- The thymus secretes a family of polypeptide hormones that act on the structures and functions of the cellular immune apparatus, such as the maturation of T-cell precursors into fully competent T-cells.
- Thymus function declines with age, correlating with atrophy of the gland itself, and with the progressive, age-related loss of normal immune regulation.
- Vitamin A has been shown to stimulate the intercellular killing power of lymphocytes, one of the bodys most important forms of internal immunity.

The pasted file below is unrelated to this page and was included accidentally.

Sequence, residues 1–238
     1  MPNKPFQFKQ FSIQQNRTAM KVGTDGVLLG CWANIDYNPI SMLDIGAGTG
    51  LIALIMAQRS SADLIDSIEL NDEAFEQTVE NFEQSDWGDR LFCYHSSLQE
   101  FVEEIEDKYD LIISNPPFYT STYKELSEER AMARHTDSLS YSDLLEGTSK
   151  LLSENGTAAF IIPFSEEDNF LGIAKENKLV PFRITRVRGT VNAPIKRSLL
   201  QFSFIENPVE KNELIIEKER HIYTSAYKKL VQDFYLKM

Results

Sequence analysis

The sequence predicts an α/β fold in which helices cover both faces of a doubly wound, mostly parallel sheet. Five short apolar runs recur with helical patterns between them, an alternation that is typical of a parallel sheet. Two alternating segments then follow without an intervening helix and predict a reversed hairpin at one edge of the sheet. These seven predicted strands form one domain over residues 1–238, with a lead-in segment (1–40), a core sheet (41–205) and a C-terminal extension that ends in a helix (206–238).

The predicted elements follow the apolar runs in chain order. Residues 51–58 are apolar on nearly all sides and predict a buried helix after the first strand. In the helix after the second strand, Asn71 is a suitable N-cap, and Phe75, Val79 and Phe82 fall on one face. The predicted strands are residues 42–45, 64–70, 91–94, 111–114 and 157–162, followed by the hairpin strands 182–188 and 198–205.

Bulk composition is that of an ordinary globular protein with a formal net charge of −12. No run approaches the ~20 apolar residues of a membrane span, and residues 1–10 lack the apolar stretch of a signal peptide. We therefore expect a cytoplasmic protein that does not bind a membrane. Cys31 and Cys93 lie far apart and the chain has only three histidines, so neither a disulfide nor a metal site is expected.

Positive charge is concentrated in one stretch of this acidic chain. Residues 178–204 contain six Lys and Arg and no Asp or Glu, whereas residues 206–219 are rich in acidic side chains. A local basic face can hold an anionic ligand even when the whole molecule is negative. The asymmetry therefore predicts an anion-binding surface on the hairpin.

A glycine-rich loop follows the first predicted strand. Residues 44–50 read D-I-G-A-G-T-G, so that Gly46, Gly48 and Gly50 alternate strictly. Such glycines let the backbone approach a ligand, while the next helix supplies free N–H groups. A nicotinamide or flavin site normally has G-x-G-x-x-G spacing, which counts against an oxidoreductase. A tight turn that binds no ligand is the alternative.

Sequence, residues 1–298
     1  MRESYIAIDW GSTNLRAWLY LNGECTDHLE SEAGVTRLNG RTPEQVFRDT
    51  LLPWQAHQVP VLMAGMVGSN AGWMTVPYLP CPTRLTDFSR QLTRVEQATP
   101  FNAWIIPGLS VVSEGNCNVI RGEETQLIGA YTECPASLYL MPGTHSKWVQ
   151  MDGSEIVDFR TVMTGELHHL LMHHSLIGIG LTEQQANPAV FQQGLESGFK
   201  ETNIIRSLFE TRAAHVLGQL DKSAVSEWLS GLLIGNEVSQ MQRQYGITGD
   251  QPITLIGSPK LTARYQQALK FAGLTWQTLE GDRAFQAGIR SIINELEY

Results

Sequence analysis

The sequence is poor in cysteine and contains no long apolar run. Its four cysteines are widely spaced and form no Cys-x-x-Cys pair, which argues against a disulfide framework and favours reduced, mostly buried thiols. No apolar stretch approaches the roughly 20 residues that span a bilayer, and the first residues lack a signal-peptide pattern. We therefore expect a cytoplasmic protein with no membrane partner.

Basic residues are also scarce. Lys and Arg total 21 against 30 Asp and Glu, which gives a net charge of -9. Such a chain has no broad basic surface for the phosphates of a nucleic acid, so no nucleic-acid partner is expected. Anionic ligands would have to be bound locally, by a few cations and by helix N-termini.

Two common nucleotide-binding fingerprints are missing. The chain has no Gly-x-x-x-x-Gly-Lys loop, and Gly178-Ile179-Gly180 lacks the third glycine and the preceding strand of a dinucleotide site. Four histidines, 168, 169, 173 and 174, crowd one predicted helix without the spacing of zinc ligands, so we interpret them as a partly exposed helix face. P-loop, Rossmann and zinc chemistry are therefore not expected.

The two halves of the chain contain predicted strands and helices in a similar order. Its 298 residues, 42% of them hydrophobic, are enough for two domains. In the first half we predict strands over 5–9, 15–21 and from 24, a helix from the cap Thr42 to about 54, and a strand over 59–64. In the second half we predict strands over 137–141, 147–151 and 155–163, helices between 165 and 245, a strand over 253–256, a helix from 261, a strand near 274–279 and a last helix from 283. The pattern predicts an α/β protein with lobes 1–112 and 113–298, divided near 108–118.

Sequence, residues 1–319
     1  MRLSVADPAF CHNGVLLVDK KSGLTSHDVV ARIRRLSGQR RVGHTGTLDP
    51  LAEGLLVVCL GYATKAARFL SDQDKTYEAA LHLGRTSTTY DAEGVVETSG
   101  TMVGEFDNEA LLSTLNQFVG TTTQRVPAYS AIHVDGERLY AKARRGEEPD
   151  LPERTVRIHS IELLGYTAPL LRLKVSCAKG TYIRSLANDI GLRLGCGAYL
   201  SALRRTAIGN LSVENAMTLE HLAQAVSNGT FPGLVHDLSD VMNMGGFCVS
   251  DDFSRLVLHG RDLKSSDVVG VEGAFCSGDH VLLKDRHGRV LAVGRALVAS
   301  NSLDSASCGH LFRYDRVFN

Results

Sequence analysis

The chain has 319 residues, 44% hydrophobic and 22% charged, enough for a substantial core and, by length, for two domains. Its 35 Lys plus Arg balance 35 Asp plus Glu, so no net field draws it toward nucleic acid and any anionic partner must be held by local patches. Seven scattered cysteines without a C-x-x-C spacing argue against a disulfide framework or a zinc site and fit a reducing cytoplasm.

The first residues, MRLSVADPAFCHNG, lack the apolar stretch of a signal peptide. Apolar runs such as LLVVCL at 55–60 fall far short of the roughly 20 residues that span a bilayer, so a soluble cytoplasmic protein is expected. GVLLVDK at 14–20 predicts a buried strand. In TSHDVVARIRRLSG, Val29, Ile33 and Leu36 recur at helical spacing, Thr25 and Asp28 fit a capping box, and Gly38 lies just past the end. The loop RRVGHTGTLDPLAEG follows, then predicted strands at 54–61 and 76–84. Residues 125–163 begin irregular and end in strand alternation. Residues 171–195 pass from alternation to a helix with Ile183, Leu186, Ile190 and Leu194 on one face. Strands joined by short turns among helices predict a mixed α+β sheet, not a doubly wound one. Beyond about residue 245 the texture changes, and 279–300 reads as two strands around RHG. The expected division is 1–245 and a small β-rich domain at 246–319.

- Vitamin C helps facilitate the production of lymphocytes, and may increase the number of its receptor sites, making them more capable of attaching to harmful bacteria and viruses.
- Inadequate levels of zinc have been shown to retard the proliferation of various types of cells necessary for proper immune function.
- Extracts of echinacea contain polysaccharides and other constituents with antimicrobial and immune-stimulating properties.